If I’m working on ground that has been neglected I find that a spade is best for turning over the soil, while a garden fork is more suitable for tackling regularly dug areas. This winter workout also helps to unearth weed roots that were overlooked during the autumn clear-up. Standing on a plank of wood while digging distributes weight evenly over the area so that soil doesn’t become compacted.

plant garluc bulbs before christmas day4. Plant Garlic by Christmas Day

According to tradition, garlic will be at its finest if it’s in the ground ahead of Christmas Day. That’s because garlic needs a period of cold to get going, so it’s time to get cracking! Garlic bulbs should be bought from garden centres or online suppliers (don’t use garlic from supermarkets – it may be unsuitable for the UK’s climate). There are two types of garlic: hardneck, which bears a smaller number of large cloves, and softneck – renowned for storing for longer but yields densely packed, smaller cloves.

Choose a sunny, sheltered, well-drained spot where other members of the allium family such as onions and shallots haven’t been grown recently. Carefully break up the bulbs into individual cloves and plant so the tip is 2.5cm below the soil surface, spacing each clove 15cm apart (make sure the pointed end is facing upwards). Alternatively, grow in large plant pots of free-draining compost. Garlic will need to be kept watered if conditions are dry in spring.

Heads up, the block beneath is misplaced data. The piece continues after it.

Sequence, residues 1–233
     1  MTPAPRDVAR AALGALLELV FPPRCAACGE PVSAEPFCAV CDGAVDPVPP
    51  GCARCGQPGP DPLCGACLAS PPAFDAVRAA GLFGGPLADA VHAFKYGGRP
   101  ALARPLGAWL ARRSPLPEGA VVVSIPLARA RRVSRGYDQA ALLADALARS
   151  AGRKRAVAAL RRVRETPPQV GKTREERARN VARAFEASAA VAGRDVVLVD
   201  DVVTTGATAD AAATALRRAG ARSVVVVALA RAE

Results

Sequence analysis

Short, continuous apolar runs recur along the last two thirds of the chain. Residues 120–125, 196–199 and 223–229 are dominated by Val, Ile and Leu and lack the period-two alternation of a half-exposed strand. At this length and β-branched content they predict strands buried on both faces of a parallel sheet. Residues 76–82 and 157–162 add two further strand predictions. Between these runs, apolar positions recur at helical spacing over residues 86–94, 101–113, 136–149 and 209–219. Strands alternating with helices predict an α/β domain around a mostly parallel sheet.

5. Sweep Worm Casts from Lawns

remove worm casts from your lawn

Credit: hans braxmeier pixabay

Worms are the gardeners’ friend, feeding on dead plant material and helping to improve soil structure as they go about their business. Worm casts (small piles of muddy soil ejected from their digestive systems) left on lawns in winter are less welcome, because these unsightly mounds risk creating muddy patches that won’t recover if trodden into grass.

If casts are dry and crumbly they can easily be swept up using a besom (witches’) broom or wire garden rake. As my north-facing garden is shady in winter, the grass remains damp, so I rely on stepping stones that I’ve set into the turf on regularly walked routes, to minimise the risk of treading worm casts into the lawn

prevent outside taps from freezing6. Frozen Outside Taps

Outside taps are at risk of freezing and bursting during icy weather, resulting in a hefty plumbers’ repair bill. I’m on a metered water supply so I’m taking no chances – that’s why my hosepipe has been packed away and the tap has been encased in a polystyrene jacket to keep it snug. These winter warmers, available online, only cost a few quid and can be fitted in seconds. They’re invaluable in the event of a big freeze.

Plants’ water requirements are at their lowest in mid-winter, so December is a great time to drain water butts so that sludge and debris that has accumulated in the base can be cleaned out. Once reconnected to downpipes, butts will fill with rain over winter so they’re brimming in time for spring.

What other gardening jobs are you tackling in December? What is your favourite garlic variety to grow? Let us know in the comments.

Marc Rosenberg bio
Marc Rosenburg at Powderham Plant CentreMarc Rosenberg is a freelance garden writer and editor. A former journalist with Amateur Gardening and Horticulture Week magazines, he holds seven Garden Media Guild Awards. Marc has written for publications including The Garden magazine, BBC Gardeners’ World and RHS online.